In June 1863 the labour committee made its first report. 618 men were employed by the surveyors of highways (Glossop, 213; Whitfield and Chunal, 207; Simmondley and Dinting, 170). In Glossop they were getting stone in Bone Hill quarry and Oldham Row quarry for repair of highways and repairing Sheffield Road and draining land belonging to Lord Howard (for which the committee receive a full and fair market price for the labour). In Whitfield they were getting and breaking stone in Wagstaffe's, Standler's, and Turnlee quarries, for repair of highways and repairing Chunal Road. In Simmondley and Dinting they were repairing the road from Simmondly towards Bridgefield, repairing the road to the Castle, repairing Dinting Lane and Newshaw Lane, and repairing the footway from the Shaw to the railway station at Dinting.
In the same month the sewing committee reported that 483 were employed at the Tabernacle and 43 at Brookfield. The educational committee reported that the district schools were attended by 875 scholars that week. Numbers on the books (not all of whom attended) were 298 at Howard Street, 80 at Littlemoor, 40 at the Nuns' school and 30 adults at St. Mary's school, at a cost of 10s. per week. Since the 1st of April last, 345 had withdrawn from the Market school, 223 of whom had been sent to work, 65 had obtained situations elsewhere, and 57 sent to work by the parish. 389 were still in attendance at the Market school, and the committee strongly recommended that all male scholars above 20 years of age should be taken from the school and sent to work.
The adoption of the Public Works Act by the Board of Guardians was discussed at its meeting on 23 July 1863. During the discussion reference was made to the “liberal” contributions of Lord Howard and the fact that the mill owners had contributed less to the relief funds that their counterparts elsewhere. This had been discussed by the Manchester Executive Committee and it was stated that unless the wealthy of Glossop gave more then funds would not continue to be forthcoming from Manchester. Monies continued to be received, both from local sources (which included donations from working people, not just the wealthy) and the Mansion House Committee as well as the Manchester Central Executive but ongoing work was necessary to ensure funds were kept up. By around June/July 1863 the weekly amount expended by the relief committee exceeded its income. The Act was adopted as it provided a means to obtain more funding.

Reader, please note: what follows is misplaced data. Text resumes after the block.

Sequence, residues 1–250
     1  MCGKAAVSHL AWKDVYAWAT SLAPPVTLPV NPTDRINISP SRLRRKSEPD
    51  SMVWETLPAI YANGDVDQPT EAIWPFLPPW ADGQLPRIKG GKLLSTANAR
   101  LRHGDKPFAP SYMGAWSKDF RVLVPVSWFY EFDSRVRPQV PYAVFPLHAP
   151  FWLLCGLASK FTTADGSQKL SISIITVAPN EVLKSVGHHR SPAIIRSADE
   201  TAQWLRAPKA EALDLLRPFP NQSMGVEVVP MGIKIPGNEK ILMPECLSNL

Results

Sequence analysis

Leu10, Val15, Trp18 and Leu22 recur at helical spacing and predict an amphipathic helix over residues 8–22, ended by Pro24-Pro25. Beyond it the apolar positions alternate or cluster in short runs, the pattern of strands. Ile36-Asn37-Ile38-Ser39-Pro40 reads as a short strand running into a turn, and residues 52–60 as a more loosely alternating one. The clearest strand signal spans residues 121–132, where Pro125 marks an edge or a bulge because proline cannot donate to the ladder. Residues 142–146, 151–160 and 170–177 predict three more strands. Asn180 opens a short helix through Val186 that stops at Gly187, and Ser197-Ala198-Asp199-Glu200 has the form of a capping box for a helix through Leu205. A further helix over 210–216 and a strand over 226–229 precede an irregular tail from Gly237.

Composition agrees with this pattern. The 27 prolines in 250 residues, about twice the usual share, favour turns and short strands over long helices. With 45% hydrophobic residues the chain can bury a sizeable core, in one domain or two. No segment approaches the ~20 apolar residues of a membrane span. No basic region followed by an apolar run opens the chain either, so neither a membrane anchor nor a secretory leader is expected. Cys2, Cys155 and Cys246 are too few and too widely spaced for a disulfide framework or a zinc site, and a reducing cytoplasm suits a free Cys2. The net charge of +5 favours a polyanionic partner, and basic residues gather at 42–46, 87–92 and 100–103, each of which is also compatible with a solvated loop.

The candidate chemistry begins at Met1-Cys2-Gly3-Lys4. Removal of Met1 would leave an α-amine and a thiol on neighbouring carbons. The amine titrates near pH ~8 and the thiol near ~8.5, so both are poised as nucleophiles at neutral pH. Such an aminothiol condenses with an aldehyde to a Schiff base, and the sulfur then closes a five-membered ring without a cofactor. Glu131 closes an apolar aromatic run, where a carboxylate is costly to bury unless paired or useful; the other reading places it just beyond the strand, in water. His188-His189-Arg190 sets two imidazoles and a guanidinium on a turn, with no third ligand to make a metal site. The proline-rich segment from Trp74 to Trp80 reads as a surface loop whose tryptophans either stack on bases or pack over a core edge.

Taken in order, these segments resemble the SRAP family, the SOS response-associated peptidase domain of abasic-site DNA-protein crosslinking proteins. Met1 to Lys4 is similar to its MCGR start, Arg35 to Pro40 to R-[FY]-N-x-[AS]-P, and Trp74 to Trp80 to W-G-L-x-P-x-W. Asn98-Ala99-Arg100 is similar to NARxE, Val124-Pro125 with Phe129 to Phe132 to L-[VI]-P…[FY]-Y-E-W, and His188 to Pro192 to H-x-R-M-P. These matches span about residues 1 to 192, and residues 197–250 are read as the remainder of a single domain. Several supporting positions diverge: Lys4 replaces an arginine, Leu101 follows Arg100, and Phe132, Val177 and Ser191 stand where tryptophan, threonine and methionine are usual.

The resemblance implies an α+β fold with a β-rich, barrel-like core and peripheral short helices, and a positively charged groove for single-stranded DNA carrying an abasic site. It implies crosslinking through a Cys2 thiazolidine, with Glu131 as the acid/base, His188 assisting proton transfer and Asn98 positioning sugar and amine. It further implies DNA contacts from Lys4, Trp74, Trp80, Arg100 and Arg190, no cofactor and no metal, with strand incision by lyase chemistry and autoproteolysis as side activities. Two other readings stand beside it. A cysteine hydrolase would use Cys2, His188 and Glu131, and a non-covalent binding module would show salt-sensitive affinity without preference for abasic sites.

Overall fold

The Public Works Committee, set up following the adoption of the Public Works Act, was able to employ men in drainage work in Hadfield and at Mossy Lee, and in breaking up moor land on the Sheffield moor. In October 1863, work started on both Swineshaw Reservoir and Picknase Reservoir. Men were employed in Sandhole, getting sand for 1s a day. As a result Sandhole gained the name Pinch Belly Park.
November and December saw the Record report effects in terms of numbers:
7 November - a the survey of empty properties had identified 8 beerhouses, 35 shops and 615 houses empty. The reduction in the number of persons seeking relief was not wholly due to more factories resuming some work but also to the fact that people were emigrating or moving to other areas of the country where work was available.
28 November - the number of operatives usually employed in Glossop and Hadfield district was 9,103; number now working, 1,681; number unemployed, 7,422; working 6 days per week, 1,546; 3 days per week, 50; 4½ days per week, 18; 4 days per week, 55; 2¼ days per week, 12.
19 December – enquiries had revealed that 277 families, totalling about 1,000 individuals had either emigrated or moved.
On 17 December 1863 a meeting of ratepayers was held to discuss the making and improving of certain highways, under the Public Works Act, a proposal made by Lord Howard some 6 to 8 weeks previously. The works proposed to be undertaken were as follows:
1. The making and improving of a public road to the hamlet of Simmondley, extending from the Chapel-en-le-Frith turnpike road, at Bridgefield, to the village of Simmondley.
2. The making of a public road from the Glossop and Marple Bridge turnpike road, at Gamesley, to the Glossop and Marple Bridge turnpike road at Moodsbottom Bridge.